This Masters is one we'll remember
This Masters is one we'll remember
Well, that was something. Never saw anything like it.
Charl Schwartzel had the best four-hole finish at the Masters since Jack Nicklaus in 1986.
For the 75th Masters Tournament, there was literally a little bit of everything.
There was a Nicklausian charge by the best golfer of the generation, Tiger Woods.
There was a Normanesque collapse by the 54-hole leader, Rory McIlroy.
There was unequivocal evidence of the Par-3 jinx intervening with Luke Donald.
There were a trio of Australians trying desperately to break their nation's Masters drought.
There was a 10-player pileup on the second nine Sunday with eight of them at some point holding a share of the lead.
There were eagles and birdies and triples and doubles.
There were roars and groans.
And ultimately there was a young South African -- who escaped work on his family's chicken farm to play golf -- starting out the day with a chip-in and a hole-out and finishing with four consecutive birdies to rise above the mayhem and win a green jacket.
"I thought that Saturday was loud, but today was something else," Charl Schwartzel said after posting the most impressive of many Sunday performances to win the Masters. "There's always a roar. Every single hole you walk down, someone has done something."
If you could read Adam Scott's lips when he shook fellow Australian Jason Day's hand as they walked off the 18th green as runners-up, it summed up a day unlike any other in Masters history.
"That was awesome; that was unbelievable; that was great," said Scott in a flurry of superlatives about a day that was all of that and then some.
You knew this was going to be a wild one right out of the gate. McIlroy went off with a four-shot lead and hadn't even left the second green before every bit of it was gone. Right in front of him, Schwartzel chipped in from 80 feet on the first hole for birdie and then holed out from 114 yards on the third, knocking the lead down to nothing thanks to McIlroy's missed 4-footer for par on the first.
While all that was going on, Woods decided to make his presence known. McIlroy hadn't even walked off the third tee when Woods prompted a roar on the adjacent seventh green with a dart that led to a birdie.
On the next hole, Woods eagled No. 8 and was suddenly tied for the lead after starting the day seven shots behind.
"A hell of a run from him," Scott said about Woods. "You can just tell what's going on out there. It's quite unique."
Despite all of the bedlam and the shakiness of his game, McIlroy still led entering the second nine Sunday -- the heralded starting point of the Masters. Then he drove it into purgatory, caroming off a tree and nestling between the Peek and Berckman cabins set back in the pines.
"I don't think anyone's been over there in those cabins before," he said with a strained laugh in a classy post-round rehash of the worst day of his career. "I just unraveled."
McIlroy wasn't alone in grief. Woods had his own regrets to ponder as he left the property. He followed his sizzling 31 on the front with a pedestrian 36 on the second, three-putting for the sixth time on 12, mangling 13, missing a 4-foot eagle putt on 15 and an 8-footer on 16.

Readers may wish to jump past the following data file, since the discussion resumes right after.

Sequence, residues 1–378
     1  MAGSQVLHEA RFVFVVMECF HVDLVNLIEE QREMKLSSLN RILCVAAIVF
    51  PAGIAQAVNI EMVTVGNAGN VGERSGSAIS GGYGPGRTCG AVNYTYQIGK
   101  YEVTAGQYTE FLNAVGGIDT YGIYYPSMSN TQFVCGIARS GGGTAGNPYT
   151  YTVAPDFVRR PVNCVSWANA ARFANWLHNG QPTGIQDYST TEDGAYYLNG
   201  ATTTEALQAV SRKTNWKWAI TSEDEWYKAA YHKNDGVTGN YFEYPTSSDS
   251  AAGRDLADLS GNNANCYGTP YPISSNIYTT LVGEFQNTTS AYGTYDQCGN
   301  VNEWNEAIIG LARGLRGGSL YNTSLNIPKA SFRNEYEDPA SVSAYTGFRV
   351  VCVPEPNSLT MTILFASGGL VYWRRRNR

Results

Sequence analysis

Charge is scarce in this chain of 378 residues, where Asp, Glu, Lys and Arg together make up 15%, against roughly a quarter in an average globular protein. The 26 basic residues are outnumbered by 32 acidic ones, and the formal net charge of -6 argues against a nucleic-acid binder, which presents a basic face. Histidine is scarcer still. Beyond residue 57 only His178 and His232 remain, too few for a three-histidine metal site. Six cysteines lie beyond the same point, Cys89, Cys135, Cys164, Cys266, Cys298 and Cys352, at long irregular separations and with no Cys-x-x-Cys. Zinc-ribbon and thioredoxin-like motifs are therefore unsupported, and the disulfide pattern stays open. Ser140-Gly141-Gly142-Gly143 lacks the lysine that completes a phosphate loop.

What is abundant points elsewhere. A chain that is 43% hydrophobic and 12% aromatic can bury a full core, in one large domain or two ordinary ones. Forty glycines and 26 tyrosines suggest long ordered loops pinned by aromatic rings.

"Got off to a nice start," Woods said. "On the back nine I could have capitalized more."
Everybody else did. It became the theater of the absurd. At some point it was impossible to keep up with who was doing what. Geoff Ogilvy birdied five in a row to come from nowhere to briefly join a six-way tie for the lead. Bo Van Pelt eagled 13 and 15 to join the 10-under party. Scott's long putter got hot and sent him to the front, where Day caught up with him by sinking birdies on 17 and 18.
"I'd be lying if I said I wasn't looking at the leaderboard," Schwartzel said. "But sometimes I would look at it and not register what I was looking at, and I think that sort of helped. I knew going up 15, that's the first time that I saw Adam Scott had made a couple of birdies, and Jason Day. From there on, I knew it was now or never."
And to Schwartzel's eternal credit, he chose the now. He drained a combined 51 feet worth of putts on the last four holes to go birdie-birdie-birdie-birdie -- the best four-hole finish to win the Masters since Jack Nicklaus went eagle-birdie-birdie-par to win in 1986.
What are you going to do? You can't beat that.
"An incredibly exciting finish to the Masters," Scott said. "It's amazing what happens at this place."
Said Day: "It was one of the most exciting tournaments I've ever played in. You're walking down the fairway and there's so many roars, you don't know what's going on and you see a number pop up on the leaderboard and the crowd is going crazy. It's lived up to everything I expected, and more."
The Sunday show left everyone gasping for air and grasping to find anything comparable. Who knows how history will treat it as some of these young players start building their resumes with other major wins? But one thing that will never be forgotten is the spell-binding drama of the world's best golfers careening six-wide down the stretch.
"That was quite a shoot-out," said PGA Tour Commissioner Tim Finchem on his way to the green jacket presentation. "I think Billy Payne ought to just read a list of names at the ceremony: 'I'd like to thank the following players for lighting it up the last five hours.' "
We all should thank them for that. A Masters this memorable is a gift.
Reach Scott Michaux at (706) 823-3219 or firstname.lastname@example.org.